ABIDJAN, Jan 9 (Reuters) - Ivory Coast’s government has agreed a $500 million low-interest loan from China’s Export-Import Bank to finance construction of a 275 megawatt hydropower station near the western town of Soubre.
The West African nation is investing heavily in major infrastructure projects in the wake of a years of political turmoil and is pushing to increase energy production by 150 MW per year over the next decade.
“This is a $500 million loan over 20 years with an (interest) rate of 2 percent and a grace period of nine years,” Zhang Guoqing, China’s ambassador in Ivory Coast, said at the signing of the accord.
“This is the largest loan agreed with Ivory Coast in over 30 years,” he said.
Construction by Chinese state-owned hydropower engineering firm Sinohydro is due to begin in February and last 56 months. Upon completion, the dam will be the country’s largest hydropower station.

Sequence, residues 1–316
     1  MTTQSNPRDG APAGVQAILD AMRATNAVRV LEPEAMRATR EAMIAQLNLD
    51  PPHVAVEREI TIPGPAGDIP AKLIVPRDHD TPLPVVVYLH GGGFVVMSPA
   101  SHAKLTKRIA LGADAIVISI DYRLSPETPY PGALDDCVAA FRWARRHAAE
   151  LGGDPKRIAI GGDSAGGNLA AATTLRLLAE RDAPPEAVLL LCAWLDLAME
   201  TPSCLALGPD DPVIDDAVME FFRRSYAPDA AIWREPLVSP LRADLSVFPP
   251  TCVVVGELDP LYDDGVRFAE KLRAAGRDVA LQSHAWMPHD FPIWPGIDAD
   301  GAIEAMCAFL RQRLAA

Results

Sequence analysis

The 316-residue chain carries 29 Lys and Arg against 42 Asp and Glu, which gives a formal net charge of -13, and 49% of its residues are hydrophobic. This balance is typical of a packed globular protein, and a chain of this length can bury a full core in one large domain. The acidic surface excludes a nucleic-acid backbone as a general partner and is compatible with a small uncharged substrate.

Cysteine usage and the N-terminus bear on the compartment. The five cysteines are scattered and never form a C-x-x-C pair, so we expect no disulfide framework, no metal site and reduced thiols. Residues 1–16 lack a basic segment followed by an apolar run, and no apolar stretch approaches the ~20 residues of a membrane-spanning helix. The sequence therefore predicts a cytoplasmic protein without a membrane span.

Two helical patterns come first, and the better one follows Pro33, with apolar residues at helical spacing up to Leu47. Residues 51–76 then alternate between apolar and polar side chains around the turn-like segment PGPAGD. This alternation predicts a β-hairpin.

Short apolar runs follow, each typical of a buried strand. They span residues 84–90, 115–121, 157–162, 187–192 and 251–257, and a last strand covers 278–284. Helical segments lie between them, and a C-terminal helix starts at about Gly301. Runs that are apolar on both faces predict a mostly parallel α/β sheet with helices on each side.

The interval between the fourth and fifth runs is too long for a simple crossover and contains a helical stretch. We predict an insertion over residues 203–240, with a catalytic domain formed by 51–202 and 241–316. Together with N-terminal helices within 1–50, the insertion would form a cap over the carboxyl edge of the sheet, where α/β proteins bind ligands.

“The Soubre project ... will allow us to boost Ivory Coast’s hydroelectric capacity, balance our energy mix and confront at a low cost the rising growth in domestic consumption,” Mines and Energy Minster Adama Toungara said.
He said the government hoped to launch a feasibility study for a second dam of the same size on the Louga River before the end of the year.
Unlike many countries in sub-Saharan Africa, Ivory Coast has an enviably reliable power supply and exports electricity to neighbours Ghana, Burkina Faso, Benin, Togo and Mali.
It has plans to add Liberia, Guinea and Sierra Leone to its grid.
Consumption at home and abroad is growing rapidly, however, and investment in the sector was hobbled during a 10-year political crisis that divided the world’s top cocoa grower into a rebel-held north and government-controlled south.
A brief 2011 war ended the impasse and reunited the country. The government has since promised to spend $500 million to renew the utility sector and is seeking additional financing.
Plans include construction of a 330 megawatt thermal power station near the commercial capital, Abidjan.
In November, Ivory Coast-based Foxtrot International announced plans to invest nearly $1 billion over five years to boost production of offshore gas to supply the country’s thermal power stations. (Reporting by Loucoumane Coulibaly; Writing by Joe Bavier; editing by Jane Baird)